To Comfort The Afflicted
And Afflict The Comfortable

To Comfort The Afflicted And Afflict The Comfortable

Wednesday, May 27, 2020

New Observercast

Extremist National Chauvinism Weakens Constitution, Country

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BY NYLA ALI KHAN

For those who labor under the delusion that the curtailment of civil liberties in Kashmir and persecution of minorities in Delhi are “internal” matters:

India chose democracy, secularism, and socialism as its goals in 1947.

The first milestone on this road is democracy.

Democracy entails a lot more than merely conducting elections every five years. In substance, democracy is a way of life and a way of thinking.

In a democracy, the majority will prevail, but it is equally incumbent on the majority to respect and defend the legitimate interests and sentiments of minorities and to dispel their apprehensions.

The greatest test of the success of democracy lies in the extent to which its minorities feel secure.

Democracy and secularism in India will remain failed experiments so long as minorities are marginalized and brutalized.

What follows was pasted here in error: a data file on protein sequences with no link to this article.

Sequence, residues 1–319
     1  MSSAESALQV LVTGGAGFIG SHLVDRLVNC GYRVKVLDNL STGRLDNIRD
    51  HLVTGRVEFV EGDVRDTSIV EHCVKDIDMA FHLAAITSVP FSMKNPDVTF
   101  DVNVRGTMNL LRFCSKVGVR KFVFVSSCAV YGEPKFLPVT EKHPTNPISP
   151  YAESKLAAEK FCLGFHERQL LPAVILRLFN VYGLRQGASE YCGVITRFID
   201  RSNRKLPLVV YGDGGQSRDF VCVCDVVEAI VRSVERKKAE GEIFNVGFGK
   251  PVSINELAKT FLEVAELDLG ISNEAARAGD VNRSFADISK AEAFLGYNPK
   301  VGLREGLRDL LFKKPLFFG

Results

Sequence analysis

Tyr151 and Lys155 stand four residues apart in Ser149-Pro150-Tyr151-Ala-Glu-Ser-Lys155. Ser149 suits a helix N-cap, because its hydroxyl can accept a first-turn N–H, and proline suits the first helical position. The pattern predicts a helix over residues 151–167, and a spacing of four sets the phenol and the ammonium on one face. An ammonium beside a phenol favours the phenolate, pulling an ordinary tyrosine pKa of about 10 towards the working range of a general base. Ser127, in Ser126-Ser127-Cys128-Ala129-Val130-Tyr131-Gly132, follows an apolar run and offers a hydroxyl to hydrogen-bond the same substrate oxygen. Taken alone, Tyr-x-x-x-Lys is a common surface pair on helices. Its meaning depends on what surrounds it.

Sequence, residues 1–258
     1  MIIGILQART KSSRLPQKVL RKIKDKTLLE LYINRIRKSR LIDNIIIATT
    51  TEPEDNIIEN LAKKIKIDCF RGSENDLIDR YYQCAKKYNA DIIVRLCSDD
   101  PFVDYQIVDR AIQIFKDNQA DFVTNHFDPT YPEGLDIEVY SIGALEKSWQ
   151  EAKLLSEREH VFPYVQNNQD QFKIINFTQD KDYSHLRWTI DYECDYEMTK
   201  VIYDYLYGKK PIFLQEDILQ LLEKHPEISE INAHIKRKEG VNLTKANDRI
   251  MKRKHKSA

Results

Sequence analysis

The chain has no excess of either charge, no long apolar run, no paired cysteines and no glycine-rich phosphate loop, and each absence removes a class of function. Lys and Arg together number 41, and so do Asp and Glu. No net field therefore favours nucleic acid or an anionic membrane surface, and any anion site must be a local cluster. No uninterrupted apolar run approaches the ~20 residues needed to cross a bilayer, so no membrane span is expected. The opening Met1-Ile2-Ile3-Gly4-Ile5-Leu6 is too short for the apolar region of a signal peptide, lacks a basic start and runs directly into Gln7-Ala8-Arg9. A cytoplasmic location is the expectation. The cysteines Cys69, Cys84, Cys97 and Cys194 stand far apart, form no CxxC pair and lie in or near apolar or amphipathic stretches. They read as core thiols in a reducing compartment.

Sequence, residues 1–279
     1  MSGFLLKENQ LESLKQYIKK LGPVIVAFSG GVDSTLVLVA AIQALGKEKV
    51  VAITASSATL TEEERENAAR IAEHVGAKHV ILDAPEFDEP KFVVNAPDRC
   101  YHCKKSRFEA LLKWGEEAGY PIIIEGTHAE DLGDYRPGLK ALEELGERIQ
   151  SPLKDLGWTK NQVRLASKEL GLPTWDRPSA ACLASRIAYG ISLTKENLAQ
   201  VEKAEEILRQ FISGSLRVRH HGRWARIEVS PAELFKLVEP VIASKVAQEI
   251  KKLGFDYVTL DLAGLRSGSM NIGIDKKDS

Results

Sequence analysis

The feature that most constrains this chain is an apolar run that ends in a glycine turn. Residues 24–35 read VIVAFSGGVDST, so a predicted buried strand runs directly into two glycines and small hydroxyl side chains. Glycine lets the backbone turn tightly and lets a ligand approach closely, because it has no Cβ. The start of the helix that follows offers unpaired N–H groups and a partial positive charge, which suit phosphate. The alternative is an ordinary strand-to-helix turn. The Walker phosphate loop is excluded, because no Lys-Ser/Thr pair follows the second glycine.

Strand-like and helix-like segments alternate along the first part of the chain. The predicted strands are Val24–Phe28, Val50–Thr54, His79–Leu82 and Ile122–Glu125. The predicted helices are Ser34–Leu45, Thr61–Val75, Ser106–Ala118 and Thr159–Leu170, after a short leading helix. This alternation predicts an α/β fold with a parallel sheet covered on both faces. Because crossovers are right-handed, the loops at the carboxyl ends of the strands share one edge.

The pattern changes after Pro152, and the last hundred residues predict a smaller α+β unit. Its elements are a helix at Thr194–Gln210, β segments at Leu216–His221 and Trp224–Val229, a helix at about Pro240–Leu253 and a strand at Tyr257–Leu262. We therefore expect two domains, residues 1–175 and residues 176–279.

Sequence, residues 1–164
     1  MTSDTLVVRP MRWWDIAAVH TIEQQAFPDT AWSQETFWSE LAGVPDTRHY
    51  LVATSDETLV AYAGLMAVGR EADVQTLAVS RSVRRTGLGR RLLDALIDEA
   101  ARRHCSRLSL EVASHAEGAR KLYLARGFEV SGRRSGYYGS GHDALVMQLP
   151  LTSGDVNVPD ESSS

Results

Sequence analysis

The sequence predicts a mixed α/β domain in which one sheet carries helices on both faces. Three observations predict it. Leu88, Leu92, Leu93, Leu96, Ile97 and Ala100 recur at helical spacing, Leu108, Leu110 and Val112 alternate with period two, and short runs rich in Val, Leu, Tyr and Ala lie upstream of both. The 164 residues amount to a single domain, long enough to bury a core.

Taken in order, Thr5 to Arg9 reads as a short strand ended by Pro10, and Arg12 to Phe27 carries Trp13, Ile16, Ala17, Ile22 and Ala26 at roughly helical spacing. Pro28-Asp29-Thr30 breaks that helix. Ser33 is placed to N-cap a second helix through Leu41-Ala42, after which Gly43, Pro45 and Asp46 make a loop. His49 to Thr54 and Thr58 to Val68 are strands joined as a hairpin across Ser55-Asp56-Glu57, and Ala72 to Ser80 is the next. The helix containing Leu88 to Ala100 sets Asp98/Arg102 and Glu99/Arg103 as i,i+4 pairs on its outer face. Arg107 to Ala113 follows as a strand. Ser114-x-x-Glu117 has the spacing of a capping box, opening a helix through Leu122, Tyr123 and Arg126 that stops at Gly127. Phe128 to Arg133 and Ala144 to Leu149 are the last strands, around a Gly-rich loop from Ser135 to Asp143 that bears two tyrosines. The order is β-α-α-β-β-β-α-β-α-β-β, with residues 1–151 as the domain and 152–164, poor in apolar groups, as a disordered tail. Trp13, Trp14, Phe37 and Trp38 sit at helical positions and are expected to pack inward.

I am not saying this as a Muslim, but as a South Asian and, more so, because I have never reconciled with the communalization of politics.

Muslims are part and parcel of South Asia’s history – past and future, and I am of the firm conviction that every inhabitant of India must be given a sense of participation in the country’s affairs.

In light of the complex political history of India, it becomes all the more important to ensure that the minorities of the country are satisfied with their relationship with mainland India.

It is regrettable that this complex political history has been ignored or left uncared for by the Bhajpa as well as the Congress.

This grave lapse is responsible for breeding extremist national chauvinism, thereby weakening the secular character of the constitution and the country. #DelhiRiots2020

Nyla Ali Khan is the author of Fiction of Nationality in an Era of TransnationalismIslam, Women, and Violence in KashmirThe Life of a Kashmiri Woman, and the editor of The Parchment of Kashmir. She also has served as a guest editor working on articles from the Jammu and Kashmir region for Oxford University Press [New York], helping to identify, commission, and review articles. Nyla Khan is a Commissioner of the Oklahoma Commission on the Status of Women. She can be reached at nylakhan@aol.com.

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